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Village Considers Rental Property Inspections

Staff members have proposed a plan that would require owners to register rental homes and pay for regular safety inspections.

In an effort to better enforce village codes pertaining to residences, village officials are considering a proposal to register all rental properties and conduct regular inspections of those homes to ensure certain safety measures are in place.

“This is not only protecting the citizens of Buffalo Grove. We also get calls from tenants that we have no jurisdiction to help with,” Deputy Building Commissioner Carol Berman told trustees during a committee meeting Monday night.

Under the plan developed by village staff, single-family rental homes would be inspected annually, while units in multi-family buildings would be reviewed every three years.

Property owners would pay $75 for an inspection of a single-family home and $150 for a multi-family building, plus $30 for each unit. The fees would cover the initial inspection and one follow-up inspection. Additional fees would be assessed for further inspections.

Similar fees are assessed by nearby villages, including Wheeling, Palatine, Schaumburg and Mount Prospect, officials said.

Buffalo Grove inspectors would be on the lookout for “basic life safety issues” such as smoke and carbon monoxide detectors, pest control, and code-compliant plumbing and electrical systems, Berman said.

The proposal comes as village officials note that foreclosed homes are being purchased and rented out. Records show that there are about 337 foreclosed homes in the village. Officials said the program would require inspections of 1,420 rental apartments and an estimated 2,000 additional rented single-family homes, condos and townhomes.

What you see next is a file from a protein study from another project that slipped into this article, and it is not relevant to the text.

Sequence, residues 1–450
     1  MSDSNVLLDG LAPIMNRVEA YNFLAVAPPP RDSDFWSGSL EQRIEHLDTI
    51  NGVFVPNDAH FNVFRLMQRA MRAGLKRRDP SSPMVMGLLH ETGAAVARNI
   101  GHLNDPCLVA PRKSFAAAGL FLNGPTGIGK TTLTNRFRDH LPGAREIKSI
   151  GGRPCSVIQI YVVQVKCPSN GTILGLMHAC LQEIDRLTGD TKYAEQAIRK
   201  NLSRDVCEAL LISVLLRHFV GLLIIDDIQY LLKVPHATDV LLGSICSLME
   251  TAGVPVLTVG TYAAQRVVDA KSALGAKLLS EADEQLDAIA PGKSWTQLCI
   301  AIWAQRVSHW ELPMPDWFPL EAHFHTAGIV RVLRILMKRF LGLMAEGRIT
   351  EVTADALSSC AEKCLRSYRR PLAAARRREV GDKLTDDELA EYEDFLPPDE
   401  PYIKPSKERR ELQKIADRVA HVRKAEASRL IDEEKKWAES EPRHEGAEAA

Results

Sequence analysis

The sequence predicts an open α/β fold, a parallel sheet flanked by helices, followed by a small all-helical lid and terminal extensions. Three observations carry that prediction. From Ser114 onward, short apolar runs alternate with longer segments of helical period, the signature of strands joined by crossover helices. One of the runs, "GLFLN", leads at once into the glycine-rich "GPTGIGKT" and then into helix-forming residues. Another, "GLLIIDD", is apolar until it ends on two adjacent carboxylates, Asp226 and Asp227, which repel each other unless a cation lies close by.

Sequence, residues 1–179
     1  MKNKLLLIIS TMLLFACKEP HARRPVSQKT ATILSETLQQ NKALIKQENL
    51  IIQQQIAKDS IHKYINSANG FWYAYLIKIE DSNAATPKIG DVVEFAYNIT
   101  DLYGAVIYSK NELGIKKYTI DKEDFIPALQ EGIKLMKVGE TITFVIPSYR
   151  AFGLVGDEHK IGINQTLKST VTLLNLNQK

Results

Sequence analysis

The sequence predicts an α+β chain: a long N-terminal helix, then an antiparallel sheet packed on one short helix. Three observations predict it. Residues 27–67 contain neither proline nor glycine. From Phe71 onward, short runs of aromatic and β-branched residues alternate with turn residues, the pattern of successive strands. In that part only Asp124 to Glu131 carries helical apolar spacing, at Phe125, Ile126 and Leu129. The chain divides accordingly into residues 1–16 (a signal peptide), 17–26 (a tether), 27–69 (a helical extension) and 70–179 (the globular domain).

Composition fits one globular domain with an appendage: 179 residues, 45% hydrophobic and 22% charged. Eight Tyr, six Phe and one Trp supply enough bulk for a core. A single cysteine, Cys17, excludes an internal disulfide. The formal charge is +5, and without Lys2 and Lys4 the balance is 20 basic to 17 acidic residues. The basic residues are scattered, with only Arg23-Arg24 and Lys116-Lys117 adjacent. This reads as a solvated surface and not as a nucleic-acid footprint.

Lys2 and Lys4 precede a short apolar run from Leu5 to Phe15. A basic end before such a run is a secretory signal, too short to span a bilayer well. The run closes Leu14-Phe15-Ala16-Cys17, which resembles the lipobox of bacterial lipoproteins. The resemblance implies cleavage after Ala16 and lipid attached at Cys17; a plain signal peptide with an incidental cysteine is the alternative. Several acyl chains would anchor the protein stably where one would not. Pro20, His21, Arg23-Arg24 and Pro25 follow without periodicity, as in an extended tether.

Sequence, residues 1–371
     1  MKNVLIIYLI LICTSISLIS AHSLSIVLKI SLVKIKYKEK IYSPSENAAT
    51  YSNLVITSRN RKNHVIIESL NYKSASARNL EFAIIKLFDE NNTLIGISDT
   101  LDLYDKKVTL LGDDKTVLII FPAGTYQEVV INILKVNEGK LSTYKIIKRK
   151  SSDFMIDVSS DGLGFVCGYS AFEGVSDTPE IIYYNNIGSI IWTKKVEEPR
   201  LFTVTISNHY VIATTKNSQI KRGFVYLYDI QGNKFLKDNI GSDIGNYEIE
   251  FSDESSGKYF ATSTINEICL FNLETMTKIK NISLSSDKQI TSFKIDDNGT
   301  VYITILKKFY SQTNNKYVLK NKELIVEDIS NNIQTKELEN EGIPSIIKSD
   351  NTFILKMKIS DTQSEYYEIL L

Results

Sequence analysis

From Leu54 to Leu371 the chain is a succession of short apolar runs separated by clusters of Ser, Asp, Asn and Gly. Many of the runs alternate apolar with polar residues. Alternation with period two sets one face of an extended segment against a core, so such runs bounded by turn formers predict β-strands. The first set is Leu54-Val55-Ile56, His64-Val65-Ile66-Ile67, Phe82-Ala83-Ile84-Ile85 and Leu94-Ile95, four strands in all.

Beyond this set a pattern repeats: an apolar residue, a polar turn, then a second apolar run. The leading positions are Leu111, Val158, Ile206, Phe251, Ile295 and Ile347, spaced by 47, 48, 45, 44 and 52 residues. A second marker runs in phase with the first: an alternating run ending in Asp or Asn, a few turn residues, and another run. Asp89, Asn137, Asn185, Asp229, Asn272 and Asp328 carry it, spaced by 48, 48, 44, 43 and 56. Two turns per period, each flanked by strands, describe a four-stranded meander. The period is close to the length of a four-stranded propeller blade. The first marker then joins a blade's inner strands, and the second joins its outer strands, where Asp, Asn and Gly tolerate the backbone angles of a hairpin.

Berman estimated that the program would generate at least $60,000 annually for the village, while potentially making rental properties safer for tenants.

Trustees responded to the plan with mixed reviews.

Mike Terson, who once rented a home in the village, said he empathizes with tenants whose landlords don’t properly maintain their property.

“I’m 100 percent behind this. I think it’s a great thing to have,” he said.

But Jeff Berman countered Terson, stating that the situations he described are civil matters between landlords and tenants.

“Are we going to get into the business of enforcing that [rental] contract?” he asked.

Andrew Stein expressed concern over whether village inspectors would be able to handle hundreds of rental property inspections in addition to their current responsibilities.

“Public safety, health and welfare is important, but we have to look at how we’re going to enforce it,” he said.

Beverly Sussman, who said the home next to her own was once in disrepair, said she supports the rental inspection proposal.

“It’s protecting everyone in the neighborhood, in case anything in there is unsafe,” she said.

Village Manager Dane Bragg said many details will be ironed out before the proposal is brought to the Village Board for a vote.